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Ladies First: The Best Female Characters Of Sci-Fi Film And Television

TrinityTrinity (The Matrix)
If your idea of a heroine is someone whose outfit spits in the face of animal rights activists everywhere — and why wouldn’t it be? — then there’s no reason to look beyond Carrie-Anne Moss’ Trinity, the leather-wearing badass who serves as second-in-command to Laurence Fishburne’s Morpheus on the Nebuchadnezzar. A role whose shadow Moss may never escape from, Trinity was someone who often came across as cooler than the main character, especially since that main character was Keanu Reeves’ wha-spouting Neo/Thomas Anderson. If you’ve got bad guys with itchy trigger fingers and the ability to walk all over walls and do crazy flips and shit, Trinity is a necessity to have at your side.

Of course, these opinions are mostly centered on the stellar first film in the Matrix trilogy, as Trinity’s role was morph(eus)ed into the love interest and pushed to the back burner for The Matrix Reloaded. And though her death in The Matrix Revolutions was necessary for Neo to ascend to full heroism, it still felt like the character didn’t come full circle in living up to her potential. She was a wry mystery whose brain contained secrets that normal humans wouldn’t understand, and she was able to do things with her body that most people can only dream of, as well as being extremely handy with a gun and a chair. Especially a chair. – Nick

UhuraNyota Uhura (Star Trek)
Not every badass needs to be able to kick the crap out of you in a straight-up fist fight, a point proved readily by Nichelle Nichols’ Uhura on Star Trek, though Zoe Saldana’s rebooted version totally could. She may not be known for her technical combat skills — if we’re being honest, was anyone on the original Trek series all that skilled? — but Uhura certainly smashed the hell out of some pretty rigid social barriers in her day.

Just how rare was it to see an African-American woman on TV in 1966? When Whoopi Goldberg first saw Uhura, she famously proclaimed to her father, “I just saw a black woman on television, and she ain’t no maid.” The first African-American woman to fly on the Space Shuttle, Dr. Mae Jemison, has specifically cited both Uhura and Star Trek as key influences on her decision to join NASA. And if that isn’t an impressive enough level of influence, Nichols wanted to leave the show after the first season, but Martin Luther King Jr. himself convinced her to stay on because of the show’s vision of a future of racial harmony and cooperation.

Beyond a larger cultural impact, Uhura was a key part of the crew, equally as brave and competent as anyone aboard the Enterprise, regardless of race or gender. That is definitely someone to emulate. – Brent

ZoeZoe Washburne (Firefly)
Oh, Zoe. Firefly creator Joss Whedon is amazingly adept at creating strong, dynamic female characters, and of course one aspect of those characters is their love lives. Typically in Joss’ works, however, those love lives are a mess. You’re either having to skewer your vampire boyfriend to save the world, or you’re falling for that charming British gent just in time for your soul to be obliterating by a parasitical godling. But with Zoe and Wash, we finally got to see Joss’ vision of a healthy, stable, committed relationship. Zoe and Wash were perfect for each other, in all the unexpected ways the best relationships are. Like Farscape’s Aeryn and Crichton, Zoe and Wash flip the alpha-male marriage on its head: Wash wouldn’t have a chance against Zoe if it ever came to blows, but he’s sweet and always has her back and makes her laugh, a vital commodity when your life mostly involves living on the run from an oppressive government. Wash and Zoe make each other better. So, of course, they’re doomed.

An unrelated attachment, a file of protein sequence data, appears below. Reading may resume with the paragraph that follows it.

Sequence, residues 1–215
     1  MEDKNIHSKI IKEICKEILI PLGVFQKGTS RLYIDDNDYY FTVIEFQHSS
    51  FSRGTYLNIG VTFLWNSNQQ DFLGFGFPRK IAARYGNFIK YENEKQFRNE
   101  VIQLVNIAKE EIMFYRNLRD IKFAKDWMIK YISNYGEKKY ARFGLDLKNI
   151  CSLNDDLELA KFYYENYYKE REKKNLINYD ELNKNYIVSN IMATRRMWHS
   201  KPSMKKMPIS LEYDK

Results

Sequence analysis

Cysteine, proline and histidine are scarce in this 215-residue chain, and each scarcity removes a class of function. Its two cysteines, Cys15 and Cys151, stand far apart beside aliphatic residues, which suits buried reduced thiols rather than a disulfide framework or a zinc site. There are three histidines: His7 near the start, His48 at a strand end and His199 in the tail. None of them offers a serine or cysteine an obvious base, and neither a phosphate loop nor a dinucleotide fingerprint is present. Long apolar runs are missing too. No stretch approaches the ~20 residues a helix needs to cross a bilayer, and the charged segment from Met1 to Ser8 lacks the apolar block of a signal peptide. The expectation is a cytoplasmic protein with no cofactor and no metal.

It’s funny that one of the most defining moments of Zoe’s life — the death of Wash — comes near the de facto end of her story. With Firefly’s story collapsed into the salvaged finale that is Serenity, we don’t get to see much of how Zoe will deal with the loss of Wash — or at least, we hadn’t until recently. Thankfully Zoe’s story is continuing in the form of Serenity: Leaves on the Wind, the in-canon comic series that picks up where the movie left off. And unsurprisingly, Zoe is in a very dark place as it begins: pregnant with Wash’s child, still reeling from his death, and with the crew of Serenity arguably in worse shape than they were before they won a Pyrrhic victory over the Alliance during the movie’s climax. It’s a bad time to be Zoe.

Thankfully there’s no shortage of Firefly badassery to suggest that Zoe will carry on, even if she never really recovers. Mal may be the captain of the boat and the one calling the shots, but it’s Zoe whose opinion he trusts the most. They’ve had each other’s back for years, and Mal knows that she is almost always going to be right, even when that truth is irritating as hell. She’s the quiet, calm voice of reason where it’s needed, the voice of conscience when emotions might get heated, and the only person on the boat perhaps more capable of keeping everybody on Serenity alive and safe than Mal himself. Without Wash, Serenity is a darker, more desperate place. But without Zoe? They’d just be flat-out screwed. – David

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